As “an uncurable small town man,” Anderson loves American small towns, Clyde, Ohio, the model for Winesburg, in particular. In fact, small-town life constitutes a ubiquitous background from his first novel Windy McPherson's Son (1916) to essays such as Hello Towns! (1929) and Home Town (1940). Poor White (1920), presumably his best novel, is particularly lively when it describes with a touch of nostalgia and grief the big change that befell a pastoral, agricultural small town, bringing industrialism and disaster to the people living as a big family “under an invisible roof.”

Anderson's works raise a voice of dissent to predominant values. The dichotomy of the world of business versus the world of writing, marriage and household responsibilities against free and creative life, or sterile Puritanical reality principle governed by white male culture contrasted with fertile life of black people, which is based on pleasure principle or something “Latin” as he called it, is the thorough basis of Many Marriages (1923) and Dark Laughter (1925). An attempt to replace traditional male roles with feminine power is found in his later essay Perhaps Women (1931) and his last novel, Kit Brandon (1936).

Anderson is a fantasy maker as well as a storyteller. Nothing is more refreshing, he asserts, to activate the mind gone dull by routine living than to wander into a strange town and “bathe himself” in the lives of the people there. What matters is not so much revealing the hidden objective truth as to create at will a story of his own out of the facts observed. Fiction making may thus be personally therapeutic for Anderson, so that living/seeing/writing are finally blurred into an indistinguishable mode for him. Indeed, Anderson endeavored, as his beloved mother taught him, to “see beneath the surface of lives” (Winesburg, Ohio).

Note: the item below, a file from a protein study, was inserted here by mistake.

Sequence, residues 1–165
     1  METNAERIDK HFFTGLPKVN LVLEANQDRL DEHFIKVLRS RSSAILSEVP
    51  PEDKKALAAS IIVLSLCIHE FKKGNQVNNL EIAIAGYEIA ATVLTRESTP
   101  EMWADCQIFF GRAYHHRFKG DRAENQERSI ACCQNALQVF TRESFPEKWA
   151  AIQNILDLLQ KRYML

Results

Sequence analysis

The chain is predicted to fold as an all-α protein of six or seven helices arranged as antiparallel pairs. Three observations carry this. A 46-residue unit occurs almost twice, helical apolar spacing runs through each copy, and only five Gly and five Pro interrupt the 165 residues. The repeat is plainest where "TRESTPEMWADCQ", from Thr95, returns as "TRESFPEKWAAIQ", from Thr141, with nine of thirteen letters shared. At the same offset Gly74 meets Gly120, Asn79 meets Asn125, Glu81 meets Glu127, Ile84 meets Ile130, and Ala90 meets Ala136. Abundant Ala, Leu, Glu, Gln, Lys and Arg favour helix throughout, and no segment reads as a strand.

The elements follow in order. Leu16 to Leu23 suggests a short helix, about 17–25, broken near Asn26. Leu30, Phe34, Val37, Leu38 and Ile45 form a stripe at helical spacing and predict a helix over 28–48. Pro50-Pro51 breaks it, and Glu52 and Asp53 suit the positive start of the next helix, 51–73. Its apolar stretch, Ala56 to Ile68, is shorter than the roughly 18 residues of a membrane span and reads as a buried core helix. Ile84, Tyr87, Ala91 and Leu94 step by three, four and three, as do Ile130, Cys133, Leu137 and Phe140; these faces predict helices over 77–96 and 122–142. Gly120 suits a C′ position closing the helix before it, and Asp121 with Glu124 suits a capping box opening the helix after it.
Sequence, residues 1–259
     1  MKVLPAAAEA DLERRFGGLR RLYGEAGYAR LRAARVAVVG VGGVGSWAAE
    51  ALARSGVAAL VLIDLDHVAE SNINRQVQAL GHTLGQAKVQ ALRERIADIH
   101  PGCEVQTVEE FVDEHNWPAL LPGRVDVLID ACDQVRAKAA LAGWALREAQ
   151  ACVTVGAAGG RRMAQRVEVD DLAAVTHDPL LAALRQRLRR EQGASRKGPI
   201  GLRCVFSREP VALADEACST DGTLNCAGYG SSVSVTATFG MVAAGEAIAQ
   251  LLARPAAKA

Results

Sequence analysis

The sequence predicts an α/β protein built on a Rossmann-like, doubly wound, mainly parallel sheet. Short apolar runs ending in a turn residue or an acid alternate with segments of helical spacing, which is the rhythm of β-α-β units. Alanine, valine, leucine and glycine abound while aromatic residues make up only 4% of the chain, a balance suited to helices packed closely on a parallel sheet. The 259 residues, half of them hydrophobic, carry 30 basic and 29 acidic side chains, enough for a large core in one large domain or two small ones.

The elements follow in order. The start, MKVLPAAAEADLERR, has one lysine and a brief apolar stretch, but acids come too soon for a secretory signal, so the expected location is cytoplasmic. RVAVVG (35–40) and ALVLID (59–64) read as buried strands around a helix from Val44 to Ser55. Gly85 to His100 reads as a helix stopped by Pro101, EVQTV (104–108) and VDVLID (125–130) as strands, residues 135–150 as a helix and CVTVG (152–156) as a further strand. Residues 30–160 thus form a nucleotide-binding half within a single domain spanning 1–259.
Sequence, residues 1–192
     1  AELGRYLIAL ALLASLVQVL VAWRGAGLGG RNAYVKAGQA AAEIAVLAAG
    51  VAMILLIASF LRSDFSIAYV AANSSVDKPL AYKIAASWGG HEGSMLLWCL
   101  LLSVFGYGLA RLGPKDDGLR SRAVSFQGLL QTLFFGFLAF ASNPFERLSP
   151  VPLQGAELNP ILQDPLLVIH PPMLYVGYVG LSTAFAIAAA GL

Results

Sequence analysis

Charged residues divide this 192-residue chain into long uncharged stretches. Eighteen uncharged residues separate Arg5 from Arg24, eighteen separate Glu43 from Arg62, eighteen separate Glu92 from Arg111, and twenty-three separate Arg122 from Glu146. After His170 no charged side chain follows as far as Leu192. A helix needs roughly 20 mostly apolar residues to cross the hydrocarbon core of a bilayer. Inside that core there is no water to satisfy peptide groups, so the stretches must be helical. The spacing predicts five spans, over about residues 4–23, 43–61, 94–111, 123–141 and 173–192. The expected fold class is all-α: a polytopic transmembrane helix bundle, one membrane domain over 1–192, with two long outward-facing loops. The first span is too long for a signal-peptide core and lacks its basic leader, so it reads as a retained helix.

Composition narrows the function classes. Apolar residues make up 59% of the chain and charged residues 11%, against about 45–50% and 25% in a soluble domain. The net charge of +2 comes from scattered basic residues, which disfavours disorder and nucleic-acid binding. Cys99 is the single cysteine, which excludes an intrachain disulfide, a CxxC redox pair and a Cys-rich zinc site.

Anderson scholarship, particularly the portrayal of his life, was revitalized by the publication of a long-awaited multivolume biography by Walter Rideout in 2006 and 2007. Welford Taylor's Sherwood Anderson Remembered (2009) is representative of work following Rideout's biography. Interest in Anderson in relation to American studies and themes such as pastoralism, small-town America, individualism, and American gender issues is also exemplified by his inclusion in the University of Virginia's American Studies Hypertext Archives.

Portrait of Sherwood Anderson, 1933. Library of Congress, Prints and Photographs Division, Van Vechten Collection.

Map of fictional Winesburg, Ohio, from the first edition of Sherwood Anderson's book of the same name (1919).

Front cover with dust jacket of Sherwood Anderson's short story collection The Triumph of an Egg (1921). The text hails the book as “an example of what a book of stories can be when a writer of vision deals with the materials of American life.”

  • Anderson, David, Critical Essays on Sherwood Anderson (G. K. Hall 1981).
  • Burbank, Rex, Sherwood Anderson (Twayne 1964).
  • Campbell, Hilbert H.; Charles E. Modlin, eds., Sherwood Anderson: Centennial Studies (Whitston 1976).
  • Howe, Irving, Sherwood Anderson (William Sloane 1951).
  • Rideout, Walter B., ed., Sherwood Anderson: A Collection of Critical Essays (Prentice-Hall 1974).
  • Rideout, Walter B., Sherwood Anderson: A Writer in America, vol. 1 (Univ. of Wis. Press 2006).
  • Rideout, Walter B., Sherwood Anderson: A Writer in America, vol. 2 (Univ. of Wis. Press 2007).
  • Sheville, James, Sherwood Anderson: His Life and Work (Univ. of Denver Press 1951).
  • Sutton, William A., ed., The Road to Winesburg: A Mosaic of the Imaginative Life of Sherwood Anderson (Scarecrow Press 1972).
  • Takada, Kenichi; Yuichi Miorioka, eds., The Literature of Sherwood Anderson (Minerva Shoin 1999).
  • Taylor, Welford D., ed., Sherwood Anderson Remembered (Univ. of Ala. Press 2009).
  • Townsend, Kim, Sherwood Anderson (Houghton Mifflin 1987).
  • Yuichi Morioka
    Copyright 2018 The American Studies Association